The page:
Peddie club hosts 24-hour hackathon amid pandemic
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“Something funny or witty that makes us laugh.” It was an unusual theme for a hackathon, which usually focuses on problems to solve or more serious topics — but for the PeddieHacks team, the lighthearted theme felt perfect for this moment in time. While the global pandemic continued, and with the looming uncertainty of what school would look like in the fall, the team wanted this event to be simply fun.

“We had a lot of questions from the participants when we announced the theme,” said Elizabeth '21, leader of the Computer Science Club at Peddie. The Club hosted PeddieHacks, which ran for more than 24 hours straight on August 23-24. “Participants were really surprised, but in the end they had a good time with it.”

A hackathon is an event where individuals or teams can test their coding skills by creating a project based on a central team. Participants have 24 hours to create and complete their projects, which are then evaluated by a panel of judges. PeddieHacks was open to only high school students and registered close to 200 participants, some from as far away as California and even Ireland. 

The inaugural PeddieHacks event had been a long time coming. The members of the Computer Science Club had begun planning it last winter, in hopes of holding the event on campus this past spring. When schools were forced to close due to the COVID-19 pandemic, the group was undaunted. They pivoted to hosting a virtual hackathon and pushed the event to August. 

The PeddieHacks team on Zoom

The PeddieHacks team met twice weekly all summer long to prepare to host their first hackathon.

Elizabeth and her team were determined to get their first hackathon off the ground. The group, along with faculty advisor Joy Wolfe, met twice weekly all summer long. The web team coded the PeddieHacks website from scratch, and the fundraising team worked with Peddie’s Director of Development Amy Cabot to devise a plan for acquiring sponsors and alumni support.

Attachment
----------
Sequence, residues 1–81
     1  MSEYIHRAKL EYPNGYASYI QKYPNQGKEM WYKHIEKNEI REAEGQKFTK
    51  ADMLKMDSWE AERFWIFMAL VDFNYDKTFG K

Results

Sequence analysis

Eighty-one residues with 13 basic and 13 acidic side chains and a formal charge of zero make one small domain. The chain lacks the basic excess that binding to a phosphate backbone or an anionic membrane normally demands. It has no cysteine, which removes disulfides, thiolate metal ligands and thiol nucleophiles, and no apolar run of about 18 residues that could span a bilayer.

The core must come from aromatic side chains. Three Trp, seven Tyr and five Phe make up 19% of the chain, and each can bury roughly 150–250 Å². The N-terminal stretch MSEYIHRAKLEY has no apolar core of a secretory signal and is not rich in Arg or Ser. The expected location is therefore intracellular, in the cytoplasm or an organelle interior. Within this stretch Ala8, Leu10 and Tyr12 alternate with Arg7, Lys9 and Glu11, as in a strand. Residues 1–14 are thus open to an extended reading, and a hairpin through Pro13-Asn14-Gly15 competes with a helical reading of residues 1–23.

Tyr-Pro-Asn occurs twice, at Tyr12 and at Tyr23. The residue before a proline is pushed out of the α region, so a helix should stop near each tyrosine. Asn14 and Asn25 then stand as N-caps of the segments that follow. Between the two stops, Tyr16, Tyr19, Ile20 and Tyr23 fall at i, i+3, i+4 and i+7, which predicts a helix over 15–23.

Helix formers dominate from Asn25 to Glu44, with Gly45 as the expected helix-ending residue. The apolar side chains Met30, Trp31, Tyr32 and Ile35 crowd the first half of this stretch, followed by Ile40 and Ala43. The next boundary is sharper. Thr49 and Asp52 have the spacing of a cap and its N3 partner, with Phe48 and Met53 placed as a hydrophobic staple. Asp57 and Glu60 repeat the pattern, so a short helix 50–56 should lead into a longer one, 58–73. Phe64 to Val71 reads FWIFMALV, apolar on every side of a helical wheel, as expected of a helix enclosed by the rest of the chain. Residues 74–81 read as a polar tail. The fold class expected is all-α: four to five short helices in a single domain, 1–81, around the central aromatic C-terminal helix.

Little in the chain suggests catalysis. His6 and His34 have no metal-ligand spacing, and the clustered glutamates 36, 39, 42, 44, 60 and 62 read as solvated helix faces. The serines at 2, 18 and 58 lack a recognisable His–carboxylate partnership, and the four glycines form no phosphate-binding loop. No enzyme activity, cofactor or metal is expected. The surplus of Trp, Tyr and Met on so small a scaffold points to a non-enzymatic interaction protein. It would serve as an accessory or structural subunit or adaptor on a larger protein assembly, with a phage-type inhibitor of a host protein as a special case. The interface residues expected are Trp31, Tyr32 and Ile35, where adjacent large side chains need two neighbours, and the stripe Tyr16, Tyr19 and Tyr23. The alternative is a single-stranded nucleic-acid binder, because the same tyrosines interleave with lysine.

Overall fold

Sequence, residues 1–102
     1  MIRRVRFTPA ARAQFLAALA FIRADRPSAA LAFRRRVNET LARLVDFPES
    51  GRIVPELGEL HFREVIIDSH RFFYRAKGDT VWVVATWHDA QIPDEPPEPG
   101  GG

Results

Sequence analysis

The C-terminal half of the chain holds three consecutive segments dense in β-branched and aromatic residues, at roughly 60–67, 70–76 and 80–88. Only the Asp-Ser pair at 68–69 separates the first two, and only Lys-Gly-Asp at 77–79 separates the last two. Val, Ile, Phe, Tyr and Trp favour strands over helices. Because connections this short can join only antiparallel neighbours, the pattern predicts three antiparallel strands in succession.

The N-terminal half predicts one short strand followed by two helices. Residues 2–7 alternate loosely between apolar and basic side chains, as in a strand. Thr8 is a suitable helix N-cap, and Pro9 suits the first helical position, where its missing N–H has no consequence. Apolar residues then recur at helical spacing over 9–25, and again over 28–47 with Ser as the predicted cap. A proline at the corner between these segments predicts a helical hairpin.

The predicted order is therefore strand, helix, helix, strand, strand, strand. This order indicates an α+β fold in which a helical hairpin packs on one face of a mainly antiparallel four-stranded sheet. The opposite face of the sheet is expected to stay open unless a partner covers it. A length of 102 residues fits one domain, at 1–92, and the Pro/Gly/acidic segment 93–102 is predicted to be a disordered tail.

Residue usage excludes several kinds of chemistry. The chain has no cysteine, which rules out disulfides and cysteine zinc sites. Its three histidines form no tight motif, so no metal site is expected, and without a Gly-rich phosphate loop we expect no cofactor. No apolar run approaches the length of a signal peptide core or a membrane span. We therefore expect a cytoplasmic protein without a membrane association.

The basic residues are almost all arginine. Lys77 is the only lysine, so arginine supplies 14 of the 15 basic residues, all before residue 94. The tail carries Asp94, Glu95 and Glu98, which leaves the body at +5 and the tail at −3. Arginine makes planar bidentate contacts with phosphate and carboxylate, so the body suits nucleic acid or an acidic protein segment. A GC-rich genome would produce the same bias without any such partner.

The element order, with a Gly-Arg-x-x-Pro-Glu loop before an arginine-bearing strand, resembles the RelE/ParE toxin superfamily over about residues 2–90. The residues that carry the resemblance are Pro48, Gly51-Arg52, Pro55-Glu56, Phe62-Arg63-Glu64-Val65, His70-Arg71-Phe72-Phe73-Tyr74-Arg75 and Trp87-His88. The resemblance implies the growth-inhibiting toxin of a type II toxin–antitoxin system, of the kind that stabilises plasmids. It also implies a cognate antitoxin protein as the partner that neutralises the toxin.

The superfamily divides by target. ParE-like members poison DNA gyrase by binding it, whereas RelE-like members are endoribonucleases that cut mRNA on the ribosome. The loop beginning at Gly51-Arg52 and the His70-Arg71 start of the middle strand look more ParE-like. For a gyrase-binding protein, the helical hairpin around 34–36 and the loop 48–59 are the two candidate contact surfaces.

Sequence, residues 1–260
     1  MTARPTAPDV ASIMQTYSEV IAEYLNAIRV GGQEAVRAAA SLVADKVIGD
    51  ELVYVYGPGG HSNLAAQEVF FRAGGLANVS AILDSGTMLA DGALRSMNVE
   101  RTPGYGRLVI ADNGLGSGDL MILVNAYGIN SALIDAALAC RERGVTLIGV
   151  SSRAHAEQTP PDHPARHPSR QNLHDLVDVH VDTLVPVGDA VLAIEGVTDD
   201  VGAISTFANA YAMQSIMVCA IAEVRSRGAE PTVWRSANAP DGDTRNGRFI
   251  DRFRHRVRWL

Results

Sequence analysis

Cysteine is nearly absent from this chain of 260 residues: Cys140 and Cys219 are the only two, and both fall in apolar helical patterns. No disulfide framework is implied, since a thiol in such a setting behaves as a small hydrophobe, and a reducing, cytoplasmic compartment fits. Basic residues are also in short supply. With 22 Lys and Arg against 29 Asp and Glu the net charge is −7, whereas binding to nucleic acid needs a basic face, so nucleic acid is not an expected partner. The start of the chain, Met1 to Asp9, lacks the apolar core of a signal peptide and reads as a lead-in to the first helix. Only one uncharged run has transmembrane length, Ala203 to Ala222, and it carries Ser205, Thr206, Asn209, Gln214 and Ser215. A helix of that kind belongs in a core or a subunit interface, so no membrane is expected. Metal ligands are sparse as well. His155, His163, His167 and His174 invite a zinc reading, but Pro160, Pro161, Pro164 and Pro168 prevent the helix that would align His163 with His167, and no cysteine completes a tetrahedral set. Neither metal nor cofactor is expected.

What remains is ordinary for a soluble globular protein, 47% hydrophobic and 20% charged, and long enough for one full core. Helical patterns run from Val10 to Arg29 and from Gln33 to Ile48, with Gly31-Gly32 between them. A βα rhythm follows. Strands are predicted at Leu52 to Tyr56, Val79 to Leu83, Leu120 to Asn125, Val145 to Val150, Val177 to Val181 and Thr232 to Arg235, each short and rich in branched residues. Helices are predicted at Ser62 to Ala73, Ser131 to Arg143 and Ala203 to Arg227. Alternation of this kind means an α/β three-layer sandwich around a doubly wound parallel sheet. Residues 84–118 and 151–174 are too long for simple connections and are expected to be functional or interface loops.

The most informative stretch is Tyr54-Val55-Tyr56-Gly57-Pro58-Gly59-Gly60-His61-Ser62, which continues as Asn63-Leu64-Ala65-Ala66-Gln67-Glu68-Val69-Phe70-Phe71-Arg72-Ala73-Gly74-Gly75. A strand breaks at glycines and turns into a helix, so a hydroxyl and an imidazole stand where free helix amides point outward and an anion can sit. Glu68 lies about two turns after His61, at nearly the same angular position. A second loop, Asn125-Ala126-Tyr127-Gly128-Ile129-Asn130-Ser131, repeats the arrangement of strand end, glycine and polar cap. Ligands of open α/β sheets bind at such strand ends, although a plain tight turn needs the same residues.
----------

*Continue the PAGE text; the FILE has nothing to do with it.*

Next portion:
"Overall, we sent more than 185 emails to companies and made numerous phone calls," said Elizabeth. "PeddieHacks contracted more than 22 sponsors, and thanks to them, we rasied $850 in cash, $13,000 for prizes and over $500 in raffle gifts. This was my first experience with finance and reaching out to sponsors, and I've definitely learned a lot from this entire process."

The Class of 2012 chipped in 350 dollars.

"It is so great to see alumni like Rotimi Opeke '12, Jennifer Creel '12, and Winston Yang '19 come together and support PeddieHacks," added Elizabeth.

Yang volunteered to be the "midnight game master" and helped guide and encourage programming teams throughout the competition. In addition to the gaming sessions, there were interactive workshops interwoven into the program to break up the intensity of the marathon. 

Nic '22 monitored the Discord (communication channel) throughout the event. “It was great talking with all of the competitors over the two days,” he said. “One advantage to having a virtual hackathon is that people from all over the country and even around the world could attend.”

The organizers were busy from start to finish with tasks like checking in on teams, monitoring the chat, running a prize lottery during the wait for the judges’ announcement. 

And while they weren’t competing in the hackathon, they appreciated the behind the scenes view and they learned a lot about what it takes to run an event of this magnitude.

“It was really fun to check in on the teams at the beginning planning stage and then seeing what they came up with at the end, said Meghna '21. 

All participants were required to present their projects to a panel of judges at the end of the event. They shared a demo and the code they developed. Projects were judged based on theme relevancy, creativity, technical skill, presentation and effectiveness. In the end, 38 projects - almost double what PeddieHacks anticipated - submitted projects for judging.

"The Hackathon was quite an undertaking," said Wolfe. "It was a tremendous effort on the students' part. In addition, we received an amazing response from our alumni, sponsors and from novice to experienced computer science students. Hopefully, this will become an annual event."